January 21, 2022

A writer, or a writer, is, originally, a person who is skilled in the art of writing or who makes it his profession (master writers). Subsequently, the term designated the author of literary works, also designated by the expression "man of letters" or "woman of letters". This meaning has become main nowadays. In the rest of this article, the word "writer" is used to designate any person who practices this profession, regardless of gender.

The writer in the story

Early writers, descendants of scribes

Etymologically, the escrivein who appears in the 12th century is the direct descendant of the scribe. It is the same with its function, which consists in writing down or recopying what others want to transmit. At the beginning of the 13th century, Rutebeuf also defines him as a "scribe of his own production", and in the second part of the 13th century, the writer is also understood as one who composes books.

In the 17th and 18th centuries, writers against authors

In the 17th century, people qualified as “authors” were no longer considered the original producers of writings, but more people exercising moral authority and sources of knowledge that must be respected. At the same time, works are developed whose qualities considered important are “beautiful spirit” and aesthetic qualities. The editors of these works can then hardly be qualified as authors, and gradually, they are designated by the word "writer". The contemporary social status of writer, more commonly referred to as men of letters, emerges [not clear] in the 18th century with the influence of the philosophers of the Enlightenment, "at a time when the prestige of the individual who exposes his subjectivity and who puts his intellectual and writing skills at the service of public opinion". At that time, the desire of authors to live from their work, faced with the new technical challenges of publishing, highlighted the originality and ownership of the work of the mind. The autograph manuscript becomes proof of such activity, and therefore of the corresponding rights. Writers are beginning to reflect on the notion of their life's work, and to be archivists of themselves, through the conservation of their manuscripts. Jean-Jacques Rousseau is a precursor of this movement, and Goethe, then Borges, among others, were concerned about what was the corpus of their work. This corpus can also be established by someone other than the writer, after his death, for example; Edmond Malone, for Shakespeare, was the first to want to relate the life of a writer in correspondence with his work. As a corollary, the notion of “copyright” also appeared in the 18th century, first in the field of music, in particular with the case of Handel who claimed remuneration for public performances of his work The Messiah. The concept then extends to other areas of artistic creation, including literature. Samuel Johnson, in 1755, was indignant in his Letter to Chesterfield that he had received practically no compensation for his Dictionary. In France, Beaumarchais founded the first society of authors in 1777.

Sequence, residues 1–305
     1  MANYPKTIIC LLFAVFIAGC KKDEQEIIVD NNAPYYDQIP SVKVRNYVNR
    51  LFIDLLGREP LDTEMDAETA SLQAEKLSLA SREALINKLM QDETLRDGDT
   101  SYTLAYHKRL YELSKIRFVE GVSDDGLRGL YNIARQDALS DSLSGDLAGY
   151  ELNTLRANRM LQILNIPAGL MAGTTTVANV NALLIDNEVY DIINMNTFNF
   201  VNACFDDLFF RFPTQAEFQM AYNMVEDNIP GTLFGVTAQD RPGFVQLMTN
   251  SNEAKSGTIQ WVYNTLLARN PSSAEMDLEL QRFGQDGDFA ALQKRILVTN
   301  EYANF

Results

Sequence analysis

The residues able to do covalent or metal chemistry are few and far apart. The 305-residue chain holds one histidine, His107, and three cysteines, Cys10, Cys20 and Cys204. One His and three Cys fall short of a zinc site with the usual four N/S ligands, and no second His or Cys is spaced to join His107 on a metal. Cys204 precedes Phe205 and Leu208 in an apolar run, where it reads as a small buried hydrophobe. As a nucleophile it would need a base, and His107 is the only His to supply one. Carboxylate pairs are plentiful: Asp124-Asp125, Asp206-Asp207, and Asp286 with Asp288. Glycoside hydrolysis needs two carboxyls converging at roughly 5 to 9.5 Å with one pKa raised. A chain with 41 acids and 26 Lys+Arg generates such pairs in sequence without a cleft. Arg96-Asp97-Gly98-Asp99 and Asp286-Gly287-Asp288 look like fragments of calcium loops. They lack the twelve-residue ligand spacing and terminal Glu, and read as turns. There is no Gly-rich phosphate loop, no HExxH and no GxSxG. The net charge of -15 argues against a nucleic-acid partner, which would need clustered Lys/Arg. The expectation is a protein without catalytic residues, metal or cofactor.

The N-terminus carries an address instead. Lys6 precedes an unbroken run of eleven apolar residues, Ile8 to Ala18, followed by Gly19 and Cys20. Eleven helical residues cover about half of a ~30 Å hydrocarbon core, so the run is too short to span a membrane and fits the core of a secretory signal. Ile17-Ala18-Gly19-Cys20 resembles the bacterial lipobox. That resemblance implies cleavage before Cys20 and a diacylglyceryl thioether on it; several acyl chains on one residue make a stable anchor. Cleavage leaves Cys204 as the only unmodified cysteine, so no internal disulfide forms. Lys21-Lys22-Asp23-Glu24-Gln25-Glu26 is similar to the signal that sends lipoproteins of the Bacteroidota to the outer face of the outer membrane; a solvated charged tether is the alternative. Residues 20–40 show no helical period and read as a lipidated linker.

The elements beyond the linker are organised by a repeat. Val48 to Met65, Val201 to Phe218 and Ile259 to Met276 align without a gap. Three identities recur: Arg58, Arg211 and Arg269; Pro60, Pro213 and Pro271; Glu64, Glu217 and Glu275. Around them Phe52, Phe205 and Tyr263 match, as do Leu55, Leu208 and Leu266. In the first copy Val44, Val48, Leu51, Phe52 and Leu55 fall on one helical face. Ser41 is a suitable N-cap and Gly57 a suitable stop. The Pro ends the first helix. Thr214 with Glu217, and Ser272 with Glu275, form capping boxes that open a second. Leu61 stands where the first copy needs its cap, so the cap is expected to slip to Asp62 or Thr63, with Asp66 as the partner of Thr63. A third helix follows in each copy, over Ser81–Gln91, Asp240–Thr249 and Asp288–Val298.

In the 19th century, the coronation of writers

If the 18th century saw the advent of a body of citizens recognized for their status as writers, their consecration took place according to Paul Bénichou after the Revolution, in the 19th century which saw the writer "forced to invest the places formerly reserved to ecclesiastics and thus to assume a moral authority", with in particular the "Romantics who update the notion of the sacred henceforth lived in its relationship with writing". According to Isabelle Diu and Élisabeth Parinet, the number of authors in France increased by around 3,000 at the end of the 10th century.

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